A group of Roanoke College students have a more intense understanding of what life might have been like for slaves right on their own grounds, after spending time with the founder of the Slave Dwelling Project.
Founder Joseph McGill travels across the country spending nights in slave dwellings such as the two-story former home to slaves behind Monterey House that is now part of the Roanoke College campus. Monterey House, on the corner of the campus on Clay Street, was built in 1853 for Salem merchant Powel Huff.
“Ned, Sarah, John, Mahaly, Ellen, Josephine, Judy, Mary, Martha, Taylor, Morris, Tucker, Jim and Lewis are the names of the enslaved people who most likely lived in the four-room, two-story brick structure behind Monterey,” Roanoke College student Emily Searles wrote in a paper after McGill’s visit Nov. 9-11.
The college’s Historic Preservation class and other interested students joined McGill overnight in the Monterey Quarters they term “Behind the Big House,” “reclaiming the space and highlighting the need of other college campuses to preserve slave quarters alongside Roanoke College.”
The next day members of the Salem community and the wider Roanoke Valley communities came together to support the restoration effort. In addition to McGill, former Roanoke College History professor Kelley Deetz presented a program on slave cooks in eighteenth and nineteenth-century Virginia.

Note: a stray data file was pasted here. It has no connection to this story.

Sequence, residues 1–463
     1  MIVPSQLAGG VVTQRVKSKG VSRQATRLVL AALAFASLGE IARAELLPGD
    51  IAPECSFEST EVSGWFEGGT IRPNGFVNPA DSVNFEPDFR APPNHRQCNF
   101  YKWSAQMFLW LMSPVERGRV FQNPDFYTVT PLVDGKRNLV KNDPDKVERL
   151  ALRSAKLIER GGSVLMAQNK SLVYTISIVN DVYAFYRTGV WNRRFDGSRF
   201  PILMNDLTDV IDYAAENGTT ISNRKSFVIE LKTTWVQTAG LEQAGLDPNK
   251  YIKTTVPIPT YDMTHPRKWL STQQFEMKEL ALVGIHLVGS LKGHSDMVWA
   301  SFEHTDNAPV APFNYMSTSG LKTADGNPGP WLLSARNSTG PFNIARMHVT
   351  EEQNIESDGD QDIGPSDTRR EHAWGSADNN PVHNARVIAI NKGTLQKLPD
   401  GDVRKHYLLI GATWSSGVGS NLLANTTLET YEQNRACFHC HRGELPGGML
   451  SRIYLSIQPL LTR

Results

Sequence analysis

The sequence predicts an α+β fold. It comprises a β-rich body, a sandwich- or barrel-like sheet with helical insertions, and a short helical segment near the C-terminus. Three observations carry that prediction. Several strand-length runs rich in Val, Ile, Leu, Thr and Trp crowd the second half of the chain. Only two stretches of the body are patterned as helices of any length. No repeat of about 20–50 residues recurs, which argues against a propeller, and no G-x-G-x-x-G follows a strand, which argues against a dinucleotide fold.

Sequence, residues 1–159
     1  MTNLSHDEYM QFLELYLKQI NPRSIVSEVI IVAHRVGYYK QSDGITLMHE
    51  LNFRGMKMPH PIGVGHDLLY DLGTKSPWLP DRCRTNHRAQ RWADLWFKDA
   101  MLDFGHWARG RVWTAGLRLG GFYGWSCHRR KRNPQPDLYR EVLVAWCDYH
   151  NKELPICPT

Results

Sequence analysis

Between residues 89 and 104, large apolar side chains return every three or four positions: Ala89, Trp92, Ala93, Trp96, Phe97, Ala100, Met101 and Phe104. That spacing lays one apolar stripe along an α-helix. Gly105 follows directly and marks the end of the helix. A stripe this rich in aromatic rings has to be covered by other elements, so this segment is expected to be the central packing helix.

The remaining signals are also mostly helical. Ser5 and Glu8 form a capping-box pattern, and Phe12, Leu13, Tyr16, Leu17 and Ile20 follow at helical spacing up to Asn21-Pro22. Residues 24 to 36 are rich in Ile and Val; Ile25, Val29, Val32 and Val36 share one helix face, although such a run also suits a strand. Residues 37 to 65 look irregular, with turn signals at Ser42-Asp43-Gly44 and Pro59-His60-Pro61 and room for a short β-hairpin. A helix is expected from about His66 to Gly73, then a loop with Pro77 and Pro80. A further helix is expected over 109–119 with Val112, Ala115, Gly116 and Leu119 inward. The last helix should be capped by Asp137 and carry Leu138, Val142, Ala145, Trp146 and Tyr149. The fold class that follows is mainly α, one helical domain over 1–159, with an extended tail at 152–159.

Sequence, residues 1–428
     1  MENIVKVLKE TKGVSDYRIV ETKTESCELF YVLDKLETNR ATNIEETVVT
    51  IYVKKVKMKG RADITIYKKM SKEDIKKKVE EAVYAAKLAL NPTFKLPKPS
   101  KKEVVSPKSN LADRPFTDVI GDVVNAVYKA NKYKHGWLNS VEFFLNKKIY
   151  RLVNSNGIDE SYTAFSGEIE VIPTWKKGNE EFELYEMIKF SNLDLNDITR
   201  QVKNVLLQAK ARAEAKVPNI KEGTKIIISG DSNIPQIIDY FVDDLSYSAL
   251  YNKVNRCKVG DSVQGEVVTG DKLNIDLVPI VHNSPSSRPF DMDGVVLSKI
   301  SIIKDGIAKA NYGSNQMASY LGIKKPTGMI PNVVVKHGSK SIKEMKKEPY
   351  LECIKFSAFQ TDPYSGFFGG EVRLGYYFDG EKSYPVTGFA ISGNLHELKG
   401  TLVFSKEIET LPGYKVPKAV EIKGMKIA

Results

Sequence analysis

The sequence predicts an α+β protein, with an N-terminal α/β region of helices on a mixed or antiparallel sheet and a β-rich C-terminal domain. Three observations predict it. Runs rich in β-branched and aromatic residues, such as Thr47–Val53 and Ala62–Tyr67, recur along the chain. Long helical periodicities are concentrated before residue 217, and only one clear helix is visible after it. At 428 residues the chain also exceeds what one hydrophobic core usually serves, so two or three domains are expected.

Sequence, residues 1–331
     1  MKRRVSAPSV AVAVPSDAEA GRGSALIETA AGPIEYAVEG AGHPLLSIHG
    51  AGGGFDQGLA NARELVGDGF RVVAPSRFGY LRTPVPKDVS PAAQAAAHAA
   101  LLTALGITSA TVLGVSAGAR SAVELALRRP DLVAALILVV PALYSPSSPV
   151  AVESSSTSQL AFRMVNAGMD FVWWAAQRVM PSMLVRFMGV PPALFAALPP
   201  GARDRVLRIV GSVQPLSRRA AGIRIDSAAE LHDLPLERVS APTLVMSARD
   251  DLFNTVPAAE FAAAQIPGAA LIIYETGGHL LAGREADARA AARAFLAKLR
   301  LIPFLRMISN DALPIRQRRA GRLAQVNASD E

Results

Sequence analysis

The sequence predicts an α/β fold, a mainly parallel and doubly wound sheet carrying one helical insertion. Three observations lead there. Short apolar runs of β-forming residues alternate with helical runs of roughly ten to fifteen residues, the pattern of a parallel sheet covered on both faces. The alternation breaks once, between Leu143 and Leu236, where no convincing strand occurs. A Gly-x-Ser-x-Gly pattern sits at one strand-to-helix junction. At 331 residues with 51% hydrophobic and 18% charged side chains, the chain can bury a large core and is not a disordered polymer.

Jerome Bias, a specialist in slave foodways, gave a cooking demonstration and professional storyteller Dontavius Williams told the inspiring story of “Adam,” a slave separated from his mother as a child when his Virginia owner sold him south to work on a plantation in South Carolina, Searles said.
“The day-long ‘Behind the Big House’ programming also included a community feast and tours led by students of Monterey Quarters, Monterey, and the recently renovated Clay Street House. These events served as a catapult for Roanoke College faculty and administrators to begin a discussion with students, members of the local community, and preservation specialists in the Roanoke Valley as how best to ensure that the slave quarters ‘Behind the Big House’ becomes an actively used and interpreted space where all historical actors will be given a voice.”
“As slave quarters are reclaimed, restored, and repurposed, the stories within their walls must be recorded and shared so that we can understand the impact that the institution of chattel slavery has had, and continues to have, on our nation,” Searles said.
“Over McGill’s stay, many voices were heard across campus and around the campfire discussing the legacies of slavery. A Black Lives Matter Forum was held where McGill joined two history faculty members, Dr. Rosenthal and Dr. Bucher, in addressing many social and political issues facing our country,” she said.
“This informative discussion allowed for open dialogue between students and faculty alike. The conversation continued as Joseph McGill joined members of the INQ 300 Historic Preservation class, and other students from Roanoke College’s Historical Society and Office of Multicultural Affairs around the fire for s’mores on the west lawn of the slave dwelling,” she said.